Use PROC FORMAT!

Here’s how:

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Creating and Using Multilabel Formats

Problem SolversA multilabel format enables you to assign multiple labels to a value or a range of values. The capability to add multilabel formats was added to the FORMAT procedure in SAS® 8.2.  You assign multiple labels by specifying the MULTILABEL option in the VALUE statement of PROC FORMAT. For example, specifying the MULTILABEL option in the following VALUE statement enables the Agef format to have overlapping ranges.

value agef (multilabel)
11='11'
12='12'
13='13'
11-13='11-13';

Multilabel formats are available for use only in the MEANS, SUMMARY, TABULATE, and REPORT procedures. The code examples that follow show the creation of a simple mutlilabel format (using PROC FORMAT) and its use in each of these procedures.

First, a PROC FORMAT step creates a multilabel format for the Age variable in the Sashelp.Class data set, along with a character format for the Sex variable. The NOTSORTED option is specified to indicate the preferred order of the ranges in the results.

proc format library=work;
value agef (multilabel notsorted)
11='11'
12='12'
13='13'
11-13='11-13'
14='14'
15='15'
16='16'
14-16='14-16';
value $sexf
'F'='Female'
'M'='Male';
run;

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Truncating decimal numbers in SAS without rounding

paper-money-stackImagine making $50K a day out of thin air. Did you know that NASDAQ routinely processes around 10,000,000 trades a day? What if instead of rounding cents for each transaction, market makers truncated fractions of cents in the amount they owe you? Under the assumption that each transaction, on average, has half a cent that is usually rounded away, this would produce 10,000,000 x $0.005 = $50,000 and nobody would even notice it. I am not saying it's legal, but this example is just an illustration of the power of ordinary truncation.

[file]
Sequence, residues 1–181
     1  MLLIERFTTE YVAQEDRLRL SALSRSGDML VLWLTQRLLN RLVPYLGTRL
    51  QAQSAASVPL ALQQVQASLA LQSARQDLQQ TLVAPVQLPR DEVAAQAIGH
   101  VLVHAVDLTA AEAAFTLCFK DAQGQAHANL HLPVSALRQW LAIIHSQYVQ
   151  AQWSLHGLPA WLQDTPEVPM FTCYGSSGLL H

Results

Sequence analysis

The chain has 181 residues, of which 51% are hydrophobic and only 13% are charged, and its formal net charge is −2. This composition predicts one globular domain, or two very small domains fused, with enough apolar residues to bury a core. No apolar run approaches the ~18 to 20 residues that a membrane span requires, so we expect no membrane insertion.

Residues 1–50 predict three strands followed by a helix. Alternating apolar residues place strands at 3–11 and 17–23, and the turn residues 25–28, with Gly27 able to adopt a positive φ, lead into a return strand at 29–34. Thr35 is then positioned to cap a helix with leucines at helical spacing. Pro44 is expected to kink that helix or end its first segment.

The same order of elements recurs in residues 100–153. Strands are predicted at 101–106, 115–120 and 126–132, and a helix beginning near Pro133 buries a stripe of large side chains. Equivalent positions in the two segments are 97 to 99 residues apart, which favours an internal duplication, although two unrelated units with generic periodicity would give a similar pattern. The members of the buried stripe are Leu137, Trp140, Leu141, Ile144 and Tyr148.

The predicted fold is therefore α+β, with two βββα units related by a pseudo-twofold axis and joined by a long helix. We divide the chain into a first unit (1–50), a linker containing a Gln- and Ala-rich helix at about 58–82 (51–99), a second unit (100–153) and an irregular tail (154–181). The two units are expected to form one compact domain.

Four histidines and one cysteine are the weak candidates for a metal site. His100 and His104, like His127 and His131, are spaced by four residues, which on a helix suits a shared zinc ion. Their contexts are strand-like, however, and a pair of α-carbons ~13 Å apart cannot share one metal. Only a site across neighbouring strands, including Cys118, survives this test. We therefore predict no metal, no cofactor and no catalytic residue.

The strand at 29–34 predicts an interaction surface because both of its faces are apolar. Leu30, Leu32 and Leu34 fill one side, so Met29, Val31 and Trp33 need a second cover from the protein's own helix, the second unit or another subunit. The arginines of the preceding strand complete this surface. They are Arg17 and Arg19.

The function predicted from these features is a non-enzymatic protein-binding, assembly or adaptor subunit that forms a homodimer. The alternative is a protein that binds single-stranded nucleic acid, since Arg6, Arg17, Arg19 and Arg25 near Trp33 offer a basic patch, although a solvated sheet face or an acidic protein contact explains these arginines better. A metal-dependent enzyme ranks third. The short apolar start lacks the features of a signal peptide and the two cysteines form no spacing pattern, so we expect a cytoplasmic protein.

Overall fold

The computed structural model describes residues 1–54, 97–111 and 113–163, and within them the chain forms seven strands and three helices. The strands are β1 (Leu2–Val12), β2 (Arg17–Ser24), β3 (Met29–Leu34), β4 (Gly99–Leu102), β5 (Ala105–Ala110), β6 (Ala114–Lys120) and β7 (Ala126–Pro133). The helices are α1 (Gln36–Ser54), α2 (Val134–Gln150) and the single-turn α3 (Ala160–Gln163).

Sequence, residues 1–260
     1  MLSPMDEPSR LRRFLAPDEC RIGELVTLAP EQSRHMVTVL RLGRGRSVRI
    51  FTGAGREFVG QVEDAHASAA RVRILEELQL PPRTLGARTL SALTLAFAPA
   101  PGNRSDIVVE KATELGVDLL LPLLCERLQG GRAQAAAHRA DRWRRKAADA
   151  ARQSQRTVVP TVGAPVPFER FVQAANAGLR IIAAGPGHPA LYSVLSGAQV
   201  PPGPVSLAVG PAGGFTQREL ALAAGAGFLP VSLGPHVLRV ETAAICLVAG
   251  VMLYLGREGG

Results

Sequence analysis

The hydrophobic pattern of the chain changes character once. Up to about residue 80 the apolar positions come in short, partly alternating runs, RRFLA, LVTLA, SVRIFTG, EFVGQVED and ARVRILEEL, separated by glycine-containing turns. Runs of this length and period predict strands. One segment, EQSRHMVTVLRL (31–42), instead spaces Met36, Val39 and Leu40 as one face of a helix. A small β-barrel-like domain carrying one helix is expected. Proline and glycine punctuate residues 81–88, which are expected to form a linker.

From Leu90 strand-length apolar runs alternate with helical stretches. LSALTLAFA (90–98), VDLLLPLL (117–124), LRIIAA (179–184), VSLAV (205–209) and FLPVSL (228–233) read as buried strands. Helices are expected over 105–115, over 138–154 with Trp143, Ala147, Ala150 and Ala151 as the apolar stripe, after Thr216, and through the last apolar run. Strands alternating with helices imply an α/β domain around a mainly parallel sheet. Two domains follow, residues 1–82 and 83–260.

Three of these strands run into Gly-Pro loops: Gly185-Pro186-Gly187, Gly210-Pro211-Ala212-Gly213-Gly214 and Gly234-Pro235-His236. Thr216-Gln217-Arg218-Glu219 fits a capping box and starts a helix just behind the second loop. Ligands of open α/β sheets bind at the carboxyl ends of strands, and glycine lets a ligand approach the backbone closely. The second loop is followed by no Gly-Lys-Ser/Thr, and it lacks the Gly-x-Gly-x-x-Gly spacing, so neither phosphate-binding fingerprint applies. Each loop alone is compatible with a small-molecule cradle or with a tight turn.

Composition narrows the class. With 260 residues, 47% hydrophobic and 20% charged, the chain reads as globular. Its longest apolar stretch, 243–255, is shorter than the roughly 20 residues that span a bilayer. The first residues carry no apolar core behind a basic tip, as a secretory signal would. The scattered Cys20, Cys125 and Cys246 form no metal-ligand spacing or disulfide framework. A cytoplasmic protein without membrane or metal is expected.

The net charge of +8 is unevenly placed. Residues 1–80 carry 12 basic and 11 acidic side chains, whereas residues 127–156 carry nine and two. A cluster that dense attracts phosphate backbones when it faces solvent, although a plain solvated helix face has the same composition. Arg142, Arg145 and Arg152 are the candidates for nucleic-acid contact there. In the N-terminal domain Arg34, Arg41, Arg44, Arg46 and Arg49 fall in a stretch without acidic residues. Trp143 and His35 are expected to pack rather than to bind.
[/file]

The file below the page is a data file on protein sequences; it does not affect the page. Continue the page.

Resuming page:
However, sometimes it is necessary to truncate displayed numeric values to a specified number of decimal places without rounding. For example, if we need to truncate 3.1415926 to 4 decimal places without rounding, the displayed number would be 3.1415 (as compared to the rounded number, 3.1416).

If you think you can truncate numeric values by applying SAS w.d format, think again.

Try running this SAS code:

data _null_;
   x=3.1415926;
   put x= 6.4;
run;

If you expect to get x=3.1415, you will be disappointed. Surprisingly, you will get x=3.1416, which means that SAS format does not truncate the number, but rounds it. Same is true for the DOLLARw.d and COMMAw.d formats.

After running into this problem, I thought to instead use a SAS function to truncate numbers. The TRUNC function comes to mind. Indeed, if you look up the SAS TRUNC function, you will find that it does truncate numeric values, but (surprise!) not to a specified number of decimal places; rather it truncates to a specified number of bytes, which is not the same thing for numerics. This may be useful for evaluating the precision of numeric values, but has no direct bearing on our problem of truncating numeric values to a set number of decimal places.